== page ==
Thank you to the Advocate Magazine for mentioning Queerability and our founder Kristen Guin in the section about Western Kentucky University!
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Queerability mourns the loss of Robin Williams. Robin Williams was open about having bipolar disorder, and we are so appreciative of his bravery for being outspoken about his mental health disability. He was an inspiration to many and will be missed.
Queerability remains steadfast in our commitment to advocate for support and acceptance of people with mental health disabilities. Everyone’s life is worth living, and suicide is not the answer. If you are thinking about taking your life, we encourage you to contact a suicide hotline or someone you trust. It’s ok to reach out for help.
Queerability sends our heartfelt condolences to Robin Williams’ family, friends, and fans.
Queerability expresses our profound concern about George Takei and an image he shared. The image was of a woman who uses a wheelchair standing up to reach a bottle of alcohol, and the image was captioned with ”There has been a miracle in the alcohol aisle.” This image reinforces dangerous misconceptions and stigmas around people with disabilities. Some wheelchair users are able to stand or walk for brief periods of time, but this does not make the wheelchair user’s disability any less significant.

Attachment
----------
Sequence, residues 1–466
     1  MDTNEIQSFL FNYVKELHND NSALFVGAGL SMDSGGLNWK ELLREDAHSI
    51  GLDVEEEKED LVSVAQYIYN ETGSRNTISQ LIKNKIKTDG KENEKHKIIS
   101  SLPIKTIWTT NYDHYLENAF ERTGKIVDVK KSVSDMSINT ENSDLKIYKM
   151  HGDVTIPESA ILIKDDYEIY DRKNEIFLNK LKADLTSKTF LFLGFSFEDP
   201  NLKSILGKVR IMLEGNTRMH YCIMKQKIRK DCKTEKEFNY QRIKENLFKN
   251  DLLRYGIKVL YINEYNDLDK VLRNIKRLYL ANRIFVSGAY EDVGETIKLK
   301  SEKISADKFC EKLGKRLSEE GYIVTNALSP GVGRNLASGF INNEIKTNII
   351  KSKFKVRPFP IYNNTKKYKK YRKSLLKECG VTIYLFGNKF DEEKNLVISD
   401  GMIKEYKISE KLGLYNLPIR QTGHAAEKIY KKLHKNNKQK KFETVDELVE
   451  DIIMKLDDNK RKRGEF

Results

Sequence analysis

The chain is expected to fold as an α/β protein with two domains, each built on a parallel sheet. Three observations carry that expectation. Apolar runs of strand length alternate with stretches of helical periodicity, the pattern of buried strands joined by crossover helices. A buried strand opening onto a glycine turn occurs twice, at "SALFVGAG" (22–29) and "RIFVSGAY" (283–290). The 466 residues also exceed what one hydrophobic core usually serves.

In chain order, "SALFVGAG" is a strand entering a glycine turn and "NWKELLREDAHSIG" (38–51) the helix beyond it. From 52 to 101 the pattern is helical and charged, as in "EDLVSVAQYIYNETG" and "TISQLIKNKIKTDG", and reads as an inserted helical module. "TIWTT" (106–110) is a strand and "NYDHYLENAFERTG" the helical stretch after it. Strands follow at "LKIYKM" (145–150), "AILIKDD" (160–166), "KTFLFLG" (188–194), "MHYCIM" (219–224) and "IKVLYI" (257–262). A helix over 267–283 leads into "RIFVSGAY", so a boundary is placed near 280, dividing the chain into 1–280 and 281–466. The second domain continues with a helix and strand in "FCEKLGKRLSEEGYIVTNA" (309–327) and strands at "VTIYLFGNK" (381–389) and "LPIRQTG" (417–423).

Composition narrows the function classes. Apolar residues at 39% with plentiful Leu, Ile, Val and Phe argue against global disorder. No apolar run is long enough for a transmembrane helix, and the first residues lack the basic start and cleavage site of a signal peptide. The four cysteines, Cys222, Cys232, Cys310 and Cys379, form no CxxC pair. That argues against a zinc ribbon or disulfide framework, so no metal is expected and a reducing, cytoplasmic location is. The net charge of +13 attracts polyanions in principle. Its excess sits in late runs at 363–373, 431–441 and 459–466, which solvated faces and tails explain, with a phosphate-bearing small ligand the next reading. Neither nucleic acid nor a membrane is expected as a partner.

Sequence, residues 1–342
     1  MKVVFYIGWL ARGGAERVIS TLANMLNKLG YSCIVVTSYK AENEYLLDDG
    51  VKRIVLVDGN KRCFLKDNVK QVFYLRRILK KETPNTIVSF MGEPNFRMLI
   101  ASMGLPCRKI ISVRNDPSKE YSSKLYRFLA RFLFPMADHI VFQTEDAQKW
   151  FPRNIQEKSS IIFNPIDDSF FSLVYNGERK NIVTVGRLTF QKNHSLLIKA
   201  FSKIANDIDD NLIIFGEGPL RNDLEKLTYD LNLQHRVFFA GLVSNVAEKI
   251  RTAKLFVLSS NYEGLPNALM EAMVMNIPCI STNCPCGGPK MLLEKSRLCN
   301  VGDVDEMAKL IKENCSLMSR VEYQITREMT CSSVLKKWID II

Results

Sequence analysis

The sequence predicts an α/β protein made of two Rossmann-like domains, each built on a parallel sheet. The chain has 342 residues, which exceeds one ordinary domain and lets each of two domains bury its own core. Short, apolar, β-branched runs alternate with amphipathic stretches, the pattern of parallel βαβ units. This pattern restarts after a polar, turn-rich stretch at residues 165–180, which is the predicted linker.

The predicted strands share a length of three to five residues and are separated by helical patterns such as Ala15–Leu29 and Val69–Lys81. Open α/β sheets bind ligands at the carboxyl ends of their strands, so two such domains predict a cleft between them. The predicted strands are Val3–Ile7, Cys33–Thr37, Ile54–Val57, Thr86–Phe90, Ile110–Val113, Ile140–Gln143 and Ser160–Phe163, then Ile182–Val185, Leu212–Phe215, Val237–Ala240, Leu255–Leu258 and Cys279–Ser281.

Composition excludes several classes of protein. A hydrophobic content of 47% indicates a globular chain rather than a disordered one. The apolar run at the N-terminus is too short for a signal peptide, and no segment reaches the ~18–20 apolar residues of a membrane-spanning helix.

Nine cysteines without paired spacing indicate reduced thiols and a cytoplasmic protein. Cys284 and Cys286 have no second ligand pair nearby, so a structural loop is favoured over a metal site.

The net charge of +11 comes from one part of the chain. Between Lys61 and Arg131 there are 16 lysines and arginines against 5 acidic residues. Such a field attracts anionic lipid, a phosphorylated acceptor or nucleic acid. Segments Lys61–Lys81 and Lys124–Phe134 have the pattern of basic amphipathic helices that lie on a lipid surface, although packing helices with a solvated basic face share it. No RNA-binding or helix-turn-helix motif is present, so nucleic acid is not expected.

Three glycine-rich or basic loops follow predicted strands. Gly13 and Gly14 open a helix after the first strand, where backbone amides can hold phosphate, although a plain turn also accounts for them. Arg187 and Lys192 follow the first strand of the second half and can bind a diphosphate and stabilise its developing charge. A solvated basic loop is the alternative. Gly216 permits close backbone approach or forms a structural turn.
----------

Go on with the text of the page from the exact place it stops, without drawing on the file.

We are also concerned that George Takei refused to listen to people with disabilities and our allies when the disability community expressed its concerns about the image to George Takei. George Takei, an openly gay man, has been a strong voice for the acceptance of LGBTQ people, however; we are concerned that he is ostracizing people with disabilities, especially LGBTQ people with disabilities, by sharing this image.
Queerability urges George Takei to take down the image and issue an apology to people with disabilities. We also urge the disability and LGBTQ community to sign our petition and share it widely to ensure that George Takei gets the message that sharing these kinds of images is unacceptable and that they reinforce prejudice and stigmas surrounding people with disabilities.